Alpha Protocol is a great example of a game that tries hard to do a lot of things and ends up pulling some of them off. When you look at what Alpha Protocol is attempting to do on paper, it is a pretty lofty list. Being the first espionage RPG, the game gets to define itself. Is it a spy game? Is it a shooter? How much roleplaying is actually involved? The truth is that Alpha Protocol almost gives too many options in how it approaches this concept.
Alpha Protocol is all about options. Much like other RPGs, character customization is a big deal. Not in the way of appearance but in terms of skill sets, selection of characteristics plays a huge part in how each person’s Alpha Protocol experience will play out. There are two very distinct ways that players can progress through missions.
The first is guns blazing. For Gears of War or Halo fans, this may be their method of choice. Shoot their way through and ask questions once everything is dead. Using any pairing of either a pistol, SMG, shotgun or assault rifle, players get the opportunity to use special weapons abilities that help them progress through waves of enemies.
Along the way, players can also use stationary sniper rifles or turret guns to aid in their mayhem. This is one of the more rewarding and visceral experiences of the game as enemies fly off their feet after shot gun blasts or crumble to the ground with a series of well placed headshots.
The other option is stealth. While there will still be combat involved, a Splinter Cell method of play is entirely possible where players avoid combat and only engage when necessary. Players must carefully navigate and do stealth takedowns while taking advantage of light, quiet clothing, silences weapons and the various stealth gadgets.
There are variations to both with happy mediums of the two styles which also involve the use of gadgets like trip mines, EMP bursts, radio mimics and sound generators. Players can use these to avoid direct combat with enemies by setting traps to lure them to their doom.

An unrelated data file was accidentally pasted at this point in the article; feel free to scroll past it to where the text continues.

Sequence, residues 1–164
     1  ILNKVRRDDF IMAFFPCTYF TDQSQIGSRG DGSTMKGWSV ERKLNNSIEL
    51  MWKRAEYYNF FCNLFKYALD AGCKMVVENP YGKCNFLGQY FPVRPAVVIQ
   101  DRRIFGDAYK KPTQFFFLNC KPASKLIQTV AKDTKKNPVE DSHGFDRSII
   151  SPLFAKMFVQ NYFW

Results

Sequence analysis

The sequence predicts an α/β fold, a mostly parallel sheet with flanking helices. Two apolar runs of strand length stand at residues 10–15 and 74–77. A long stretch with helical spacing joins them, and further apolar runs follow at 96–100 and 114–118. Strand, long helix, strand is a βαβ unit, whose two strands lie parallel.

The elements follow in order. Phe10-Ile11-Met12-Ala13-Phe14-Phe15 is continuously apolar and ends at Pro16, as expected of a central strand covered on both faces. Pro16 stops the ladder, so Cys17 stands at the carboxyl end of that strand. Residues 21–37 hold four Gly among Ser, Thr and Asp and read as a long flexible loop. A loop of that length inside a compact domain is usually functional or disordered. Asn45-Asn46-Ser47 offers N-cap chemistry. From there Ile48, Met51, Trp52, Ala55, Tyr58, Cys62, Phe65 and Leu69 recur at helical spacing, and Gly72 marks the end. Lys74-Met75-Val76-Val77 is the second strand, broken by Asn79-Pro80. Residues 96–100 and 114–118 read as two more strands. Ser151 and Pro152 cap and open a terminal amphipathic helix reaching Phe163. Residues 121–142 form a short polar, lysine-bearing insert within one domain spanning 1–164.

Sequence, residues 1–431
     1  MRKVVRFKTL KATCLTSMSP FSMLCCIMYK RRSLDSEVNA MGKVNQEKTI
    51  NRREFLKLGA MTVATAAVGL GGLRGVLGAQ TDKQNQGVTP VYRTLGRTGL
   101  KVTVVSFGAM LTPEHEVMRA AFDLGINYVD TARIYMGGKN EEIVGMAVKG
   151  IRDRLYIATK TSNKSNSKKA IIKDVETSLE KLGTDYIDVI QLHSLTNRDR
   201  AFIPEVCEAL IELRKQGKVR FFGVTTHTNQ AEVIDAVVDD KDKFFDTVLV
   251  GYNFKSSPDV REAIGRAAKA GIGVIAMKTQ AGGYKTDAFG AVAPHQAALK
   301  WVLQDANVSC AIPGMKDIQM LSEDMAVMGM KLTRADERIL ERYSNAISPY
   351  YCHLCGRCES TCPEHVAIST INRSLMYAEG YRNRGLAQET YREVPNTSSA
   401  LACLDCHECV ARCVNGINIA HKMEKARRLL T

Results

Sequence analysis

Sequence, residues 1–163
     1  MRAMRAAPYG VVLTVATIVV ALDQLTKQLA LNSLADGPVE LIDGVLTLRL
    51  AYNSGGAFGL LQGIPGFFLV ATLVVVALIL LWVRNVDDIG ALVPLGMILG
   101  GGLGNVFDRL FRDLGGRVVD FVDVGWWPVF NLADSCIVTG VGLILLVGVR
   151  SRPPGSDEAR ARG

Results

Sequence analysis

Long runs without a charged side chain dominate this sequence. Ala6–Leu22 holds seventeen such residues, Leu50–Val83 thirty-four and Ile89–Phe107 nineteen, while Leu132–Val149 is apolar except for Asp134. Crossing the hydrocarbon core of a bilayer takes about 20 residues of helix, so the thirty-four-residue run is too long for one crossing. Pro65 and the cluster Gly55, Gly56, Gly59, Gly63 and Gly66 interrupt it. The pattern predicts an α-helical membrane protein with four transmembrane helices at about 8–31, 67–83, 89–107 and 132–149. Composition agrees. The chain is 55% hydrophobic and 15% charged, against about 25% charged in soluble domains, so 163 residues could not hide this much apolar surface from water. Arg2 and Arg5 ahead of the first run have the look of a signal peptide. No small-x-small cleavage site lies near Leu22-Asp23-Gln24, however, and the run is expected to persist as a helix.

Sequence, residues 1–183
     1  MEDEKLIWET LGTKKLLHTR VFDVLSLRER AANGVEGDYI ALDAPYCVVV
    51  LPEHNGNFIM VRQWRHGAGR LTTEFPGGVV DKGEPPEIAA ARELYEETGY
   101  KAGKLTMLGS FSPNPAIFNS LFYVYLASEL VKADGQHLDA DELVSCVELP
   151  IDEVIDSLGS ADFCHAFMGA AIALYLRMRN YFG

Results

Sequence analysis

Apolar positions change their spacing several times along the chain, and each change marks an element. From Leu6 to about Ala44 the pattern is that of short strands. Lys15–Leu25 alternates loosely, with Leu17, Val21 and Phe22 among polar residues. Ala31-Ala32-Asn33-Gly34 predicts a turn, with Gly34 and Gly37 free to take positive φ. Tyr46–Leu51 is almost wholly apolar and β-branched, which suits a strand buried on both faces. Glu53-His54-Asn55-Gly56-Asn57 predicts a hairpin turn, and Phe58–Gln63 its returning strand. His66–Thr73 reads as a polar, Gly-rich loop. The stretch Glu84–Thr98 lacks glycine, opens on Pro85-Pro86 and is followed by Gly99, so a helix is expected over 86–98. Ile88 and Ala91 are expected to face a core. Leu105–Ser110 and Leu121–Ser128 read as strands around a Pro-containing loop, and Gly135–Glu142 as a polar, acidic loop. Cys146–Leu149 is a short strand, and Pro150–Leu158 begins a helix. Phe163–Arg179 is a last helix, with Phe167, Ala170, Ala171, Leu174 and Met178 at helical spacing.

There is also a light melee combat system where Thorton can learn martial arts combos. This is the weaker of the gameplay design choices as only one button is used for melee. This results in just button tapping with no real strategy behind it for hand to hand combat.
Missions vary in length from five minute sniper missions to longer assaults on enemy bases. Luckily, the game has a checkpoint system allowing players to drop in and out fairly easily without risk of losing progress.
One of the interesting parts of Alpha Protocol is how the story plays out. A completely single player experience, players are able to pick and choose the order they go through events of the game with the realization that the moves they make for or against power players will either aid or hinder their missions moving forward.
In addition to the order in which missions progress, players are given a series of choices during them such as whether or not to assassinate a target who may give a tactical advantage if paired up with later on even if he is a deeply even character. The game also uses a dialogue system similar to that of Mass Effect where players can choose either aggressive, professional or cocky responses in conversation to intimidate or make friends with contacts throughout. The game has a quick auto save feature which means players must choose carefully since they will be stuck with the aftermath. Every choice matters and affects the story uniquely.